The tenant is very secretive, so I do not not know whether the following is fact, however I believe that the tenant will be entitled to the full LHA rate.

          The new rent I want is higher than the LHA rate, so they would need to pay a top up each month

          Comment


            #6
            Benefits agency understandably wants documents from landlord or agents. Otherwise tenants would be too tempted to say "rent's gone up £50" and then their benefit increases.

            Mind you tax fiddling is way way way a bigger loss to the Exchequer than benefit fraud. Whatever some scurrilous papers claim
            I am legally unqualified: If you need to rely on advice check it with a suitable authority - eg a solicitor specialising in landlord/tenant law...

            Comment


              #7
              Originally posted by Mr. Sparkle View Post
              Allegedly, they are being paid a lower amount than the current LHA rate, so in theory they can't afford to pay the rent increase until there Housing element payment is increased
              I'd be asking why they say that they are getting less than LHA rate?

              There are a few things that could do that:
              • If the actual rent is less than LHA rate, then only the actual rent is paid. (Doesn't seem to apply here).
              • It they are subject to the benefits cap in UC it's the Housing Element that gets reduced. (Doesn't seem to apply here).
              • If they have a sanction that is reducing their Housing Element. (Sanctions to the HE only apply to part time workers deemed to be doing too little to find full-time work - it shouldn't be being applied under covid).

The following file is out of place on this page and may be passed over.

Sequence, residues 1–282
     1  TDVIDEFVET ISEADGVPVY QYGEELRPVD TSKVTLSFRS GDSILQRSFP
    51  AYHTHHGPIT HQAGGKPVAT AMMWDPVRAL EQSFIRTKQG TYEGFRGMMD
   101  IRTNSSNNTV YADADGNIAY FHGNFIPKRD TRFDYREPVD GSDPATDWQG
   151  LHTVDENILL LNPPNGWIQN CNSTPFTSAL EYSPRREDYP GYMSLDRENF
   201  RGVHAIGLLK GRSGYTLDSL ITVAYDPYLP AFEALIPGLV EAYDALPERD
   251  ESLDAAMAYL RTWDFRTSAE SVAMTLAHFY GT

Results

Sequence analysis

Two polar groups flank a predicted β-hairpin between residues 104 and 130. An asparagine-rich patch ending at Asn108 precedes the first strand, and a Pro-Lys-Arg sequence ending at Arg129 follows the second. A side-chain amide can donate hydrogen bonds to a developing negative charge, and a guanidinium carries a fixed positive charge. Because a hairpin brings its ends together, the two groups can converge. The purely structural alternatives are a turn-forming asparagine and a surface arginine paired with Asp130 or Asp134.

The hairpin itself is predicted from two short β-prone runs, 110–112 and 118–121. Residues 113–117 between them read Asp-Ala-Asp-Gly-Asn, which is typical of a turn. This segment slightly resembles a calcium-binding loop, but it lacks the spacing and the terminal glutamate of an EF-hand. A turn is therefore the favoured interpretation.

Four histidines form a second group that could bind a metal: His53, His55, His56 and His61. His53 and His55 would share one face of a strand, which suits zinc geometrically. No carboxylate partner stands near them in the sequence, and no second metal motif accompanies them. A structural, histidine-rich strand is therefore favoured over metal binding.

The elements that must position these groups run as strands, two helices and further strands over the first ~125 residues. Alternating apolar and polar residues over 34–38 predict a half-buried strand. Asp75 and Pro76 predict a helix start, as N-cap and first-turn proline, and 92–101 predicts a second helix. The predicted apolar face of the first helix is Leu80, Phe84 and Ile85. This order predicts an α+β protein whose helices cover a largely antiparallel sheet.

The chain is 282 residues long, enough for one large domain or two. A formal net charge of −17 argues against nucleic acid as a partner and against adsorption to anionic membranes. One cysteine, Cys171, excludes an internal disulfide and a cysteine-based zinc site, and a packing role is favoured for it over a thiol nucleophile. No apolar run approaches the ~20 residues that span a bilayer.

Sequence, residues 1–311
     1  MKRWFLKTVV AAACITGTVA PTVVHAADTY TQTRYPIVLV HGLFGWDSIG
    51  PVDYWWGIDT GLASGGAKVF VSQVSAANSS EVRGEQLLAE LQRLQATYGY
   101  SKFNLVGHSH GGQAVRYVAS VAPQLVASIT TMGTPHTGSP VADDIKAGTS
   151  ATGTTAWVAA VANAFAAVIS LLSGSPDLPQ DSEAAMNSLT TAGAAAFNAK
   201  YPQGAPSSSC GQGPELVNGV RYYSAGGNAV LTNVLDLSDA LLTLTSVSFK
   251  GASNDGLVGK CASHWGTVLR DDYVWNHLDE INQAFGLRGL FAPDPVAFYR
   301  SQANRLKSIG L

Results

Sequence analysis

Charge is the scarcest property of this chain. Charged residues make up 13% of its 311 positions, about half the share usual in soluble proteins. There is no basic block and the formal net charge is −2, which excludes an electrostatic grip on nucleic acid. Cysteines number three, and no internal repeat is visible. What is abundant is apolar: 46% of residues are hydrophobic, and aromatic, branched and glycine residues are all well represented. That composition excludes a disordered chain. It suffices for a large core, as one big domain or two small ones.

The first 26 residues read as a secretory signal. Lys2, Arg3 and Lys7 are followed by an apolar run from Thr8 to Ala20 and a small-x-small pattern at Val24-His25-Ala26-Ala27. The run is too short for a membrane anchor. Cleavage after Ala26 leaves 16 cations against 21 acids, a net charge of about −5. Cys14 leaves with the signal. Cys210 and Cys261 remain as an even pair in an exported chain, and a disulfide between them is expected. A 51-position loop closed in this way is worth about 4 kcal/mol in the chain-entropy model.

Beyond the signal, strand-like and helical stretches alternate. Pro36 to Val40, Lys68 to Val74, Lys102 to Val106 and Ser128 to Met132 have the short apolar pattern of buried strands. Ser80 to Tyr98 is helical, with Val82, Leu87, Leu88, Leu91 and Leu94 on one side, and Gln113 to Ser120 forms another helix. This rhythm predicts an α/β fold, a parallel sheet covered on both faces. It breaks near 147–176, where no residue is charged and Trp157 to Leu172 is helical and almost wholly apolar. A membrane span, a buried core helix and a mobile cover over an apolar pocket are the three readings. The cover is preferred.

• If they have a non-dependant deduction. (Someone else is living there who the DWP say should be contributing towards the rent).

              From what you have said a non dependant deduction would seem to be the only likely reason for reducing UC-HE (if they are telling the truth about that):
              https://www.entitledto.co.uk/help/non-dependants

              If that is the case then it won't change unless the person is actually a dependant and the DWP have made a mistake, or they move out.
              The non dependant may be able to claim UC in their own right, in which case it will include a HE for their share of the rent.
              (Some people have difficulty understanding that 'grown up' children still living with them are non dependants, and spend months futilely arguing against non dependant decuctions).

              Comment


                #8
                The current rent is below the current LHA rate

                Hence the increase in rent

                Comment


                  #9
                  Only if it's fair for that property.
                  I am legally unqualified: If you need to rely on advice check it with a suitable authority - eg a solicitor specialising in landlord/tenant law...

                  Comment


                    #10
                    Originally posted by Mr. Sparkle View Post
                    The current rent is below the current LHA rate

                    Hence the increase in rent
                    Ah, sorry I missread your orignal post as saying current rent was above LHA, I see now it's the increased rent that will be above LHA.

                    It will take a least a month after the DWP are informed of the rise before that increase is reflected in the claimants UC and the UC-HE at LHA paid to the claimant, UC is paid a month in arrears.
                    The DWP will want to see evidence of the rent rise, and will almost certainly contact you to confirm that what the tenant is saying about any rise is true.

                    Comment